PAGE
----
• Strategy Circles • Guided Reading • Book Clubs • Reciprocal Teaching

Strategy lessons:


Students stop often while reading to synthesize the information gained from texts to form opinions, cite evidence to support their conclusions, change perspectives, develop new ideas, and, in general, enhance a personal understanding of the concepts presented in a text.

Learning targets

  1. I can explain the difference between retelling, summarizing, and synthesizing.
  2. I can read independently and determine my opinion.
  3. I can share my thoughts with a partner or group, listen, and determine what I believe as a result of talking to others.
  4. I can disagree with others and try to convince them of my beliefs proving my thinking with evidence.
  5. I can choose an appropriate reader response strategy to match my task.
  6. I can collect information while reading and determine a theme and cite evidence to support my thinking.
  7. I can read several sources, synthesize, and explain the gist in my own words.

Getting started: Are we retelling, summarizing, synthesizing?

Below is a silly story I heard on the radio. I'm retelling it.

There once was a squirrel who went into an ice cream shop and asked the clerk, "Do you have walnuts?"

"No. Sorry. We're out of walnuts today."

The squirrel went away, but came back an hour later and said, "Have you got any walnuts?"

The clerk looked at the squirrel angrily. "I told you. We don't have any walnuts now get outta here."

The squirrel went out the door, but in an hour came back again. "Have you got any walnuts?" he asked the clerk.

"I told you we don't have any walnuts. Listen here. If you come back here one more time I'm going to nail your paws to the counter. Now, get outta here!"

The squirrel went out again but, sure enough, an hour later he was back. "Have you got any nails?" he asked.

The clerk looked surprised. "No. I don't have any nails."

"Great!" the squirrel said. "Have you got any walnuts?"


The dictionary defines retelling as telling a story again in your own words. North Carolina requires that students include the main points - the characters, the setting, the beginning, middle and end. That's what I just did when telling this story. This is not the same word-for-word story as the radio DJ told. It’s my retelling.


Summarizing is much different than retelling. When summarizing, students practice condensing the story to its most basic elements. A summary is short and more generalized. In the case of our squirrel story, I could summarize by saying, "A squirrel came into an ice cream store four times and irritated the clerk by asking him each time if he had walnuts."

Headline summaries

In this puzzle-like exercise, writing a headline summary, students tease out the very essence of text. I challenge kids to summarize in as few words as possible - 4-6 or less. If having difficulty, it helps to start with the main character followed by what he does. I tell my students, “Who + Does What?”

"Squirrel drives clerk nuts!" is the very core of this story.

Why synthesize?

Synthesizing involves even more abstract thinking. Students reflect on their reading, combine the ideas they gained by reading with their own knowledge, and create new ideas, perspectives or opinions, and a personal understanding of the text. In the case of our squirrel story...

  • Students might generalize, "Asking over and over for something will result in annoying people."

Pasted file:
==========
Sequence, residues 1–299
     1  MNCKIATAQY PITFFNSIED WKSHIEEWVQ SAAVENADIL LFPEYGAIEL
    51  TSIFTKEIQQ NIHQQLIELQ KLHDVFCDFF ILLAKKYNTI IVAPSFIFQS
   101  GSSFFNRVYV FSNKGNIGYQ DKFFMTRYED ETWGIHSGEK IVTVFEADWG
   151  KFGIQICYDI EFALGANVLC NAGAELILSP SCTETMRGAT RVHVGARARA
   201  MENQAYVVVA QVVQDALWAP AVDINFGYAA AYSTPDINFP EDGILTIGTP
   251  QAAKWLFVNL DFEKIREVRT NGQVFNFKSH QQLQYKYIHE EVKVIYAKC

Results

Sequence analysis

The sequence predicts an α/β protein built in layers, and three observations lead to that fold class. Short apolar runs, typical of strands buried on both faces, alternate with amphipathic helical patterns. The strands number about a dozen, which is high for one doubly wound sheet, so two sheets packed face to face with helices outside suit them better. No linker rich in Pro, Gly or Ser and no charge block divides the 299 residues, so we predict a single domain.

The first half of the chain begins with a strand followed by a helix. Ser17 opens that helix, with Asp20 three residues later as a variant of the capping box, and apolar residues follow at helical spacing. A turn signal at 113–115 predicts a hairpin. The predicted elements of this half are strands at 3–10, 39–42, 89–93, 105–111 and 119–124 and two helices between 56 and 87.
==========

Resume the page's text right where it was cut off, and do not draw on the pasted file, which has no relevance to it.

• Or, determine an opinion, "I think the squirrel should have given up the first time."
  • They may see a pattern: "In most jokes, things happen 3 times."
  • They may internalize a lesson: "I think the author wrote this story to show that we should never give up."
  • They might predict: "From this story I think the clerk will laugh and say, "Listen. Come back tomorrow and I'll be sure to have some walnuts for you."
  • Or, they may draw their own conclusions, "This squirrel is obviously nuts."

Encourage synthesis

When a student works at the highest levels of synthesis, he defines his beliefs and defends his thinking with evidence, generating individual insights of texts and issues. Unfortunately, we most often assign retelling and summarizing, demanding only that students think at the lowest levels of synthesis.

Examine tasks you might have assigned lately: completing homework, writing a book report, memorizing spelling or vocabulary words, reading a whole selection (without talking before, during, and after reading), writing to a prompt, answering comprehension questions, or completing 20 math problems. These are not the challenging, high-interest, problem-solving tasks our brains love like Primary Synthesis Projects, What Assignment Require Thinking, and the other projects provided as downloads on this page.

The thing is, there are ways to captivate the brain and master the same objectives. I’m sure we all dream about students who are so involved they don’t want to stop learning. I’ve seen it! The downloads on this page are a start toward that goal. Please share the plans you create, too.


Free downloads

Download these free lessons to provide alternatives that require thinking:

Primary Synthesis Projects

Projects for K-2 learners or new to proficient reader strategies.

Theme vs. Lesson

Found a free site that explains the concepts well

Consensus Boards

Students work alone and then in groups, drawing or writing ideas on butcher paper in their individual space. They compare their ideas and reach consensus on theme or how to solve a problem.

Synthesis is the uniquely human trait that permits us to sift through a myriad of details and focus on those pieces we need to know and remember … It is the process by which we forsake much of what we learn in order to make sense of that which we determine to be pivotal for us.

– Keene and Zimmermann, Mosaic of Thought

Copyright 2017 by Karen Haag